Takata Fined $1 Billion for Lying About Deadly Airbag Inflators

Takata Fined $1 Billion for Lying About Deadly Airbag Inflators

Takata Corp. has pleaded guilty in federal court to one count of wire fraud and has agreed to pay $1 billion in criminal penalties for lying about its ammonium nitrate-based airbag inflators, which are blamed for at least 16 deaths and more than 180 injuries.

Takata Corp. has pleaded guilty in federal court to one count of wire fraud and has agreed to pay $1 billion in criminal penalties for lying about its ammonium nitrate-based airbag inflators, which are blamed for at least 16 deaths and more than 180 injuries.

As part of a plea agreement, Tokyo-based Takata admitted that from 2000 through 2015, the company “carried out a scheme to defraud its customers and auto manufacturers by providing false and manipulated airbag-inflator test data that made the performance of the company’s airbag inflators appear better than it actually was,” according to the U.S. Department of Justice.

“Even after the inflators began to experience repeated problems in the field – including ruptures causing injuries and deaths – Takata executives continued to withhold the true and accurate inflator test information and data from their customers,” the Justice Department said.

Takata’s deadly airbags triggered the largest automotive recall in U.S. history.

“For over a decade, Takata lied to its customers about the safety and reliability of its ammonium nitrate-based airbag inflators,” said Acting Assistant Attorney Kenneth General Blanco. “Takata abused the trust of both its customers and the public by allowing airbag inflators to be put in vehicles knowing that the inflators did not meet the required specifications.”

The $1 billion criminal penalty includes $975 million in restitution and a $25 million fine, along with three years’ probation.

The $975 million will be separated into two restitution funds: $125 million for injury victims who haven’t reached a settlement with Takata, and $850 million to compensate automakers for the costs of replacing the recalled airbags.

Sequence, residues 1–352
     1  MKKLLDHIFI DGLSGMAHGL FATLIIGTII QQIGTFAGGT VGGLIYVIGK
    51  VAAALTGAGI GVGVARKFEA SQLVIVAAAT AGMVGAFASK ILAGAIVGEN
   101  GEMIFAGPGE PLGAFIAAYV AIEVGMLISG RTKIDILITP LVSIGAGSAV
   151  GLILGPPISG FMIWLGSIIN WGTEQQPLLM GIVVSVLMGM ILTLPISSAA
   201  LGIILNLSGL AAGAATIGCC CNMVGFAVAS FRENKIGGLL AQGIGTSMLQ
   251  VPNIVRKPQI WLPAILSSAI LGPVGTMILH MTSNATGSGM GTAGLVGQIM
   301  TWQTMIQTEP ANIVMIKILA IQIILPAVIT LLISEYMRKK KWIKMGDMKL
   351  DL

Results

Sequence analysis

In separate legal action, victims and their families have filed dozens of lawsuits against Takata and five automakers – BMW, Ford, Honda, Nissan and Toyota – alleging that the automakers knew Takata’s airbags were dangerous but continued to use them because they were inexpensive, according to a report in the Detroit News.

In December 2016, the Justice Department indicted three former Takata executives on wire-fraud charges stemming from the airbag scheme.

As part of the plea deal, Takata has agreed to appoint an independent monitor to track the company’s “compliance with its legal and ethical obligations” and report to the Justice Department for three years, Takata explained in a statement. The company also said it will implement rigorous quality-control, product-safety and data-security protocols.

“Takata deeply regrets the circumstances that have led to this situation and remains fully committed to being part of the solution,” said Takata Chairman and CEO Shigehisa Takada. ”We have taken aggressive actions to address past reporting lapses and will continue to work closely with regulators and our automotive customers to address the ongoing recalls and implement new technologies that advance vehicle safety, prevent injuries and save lives.”

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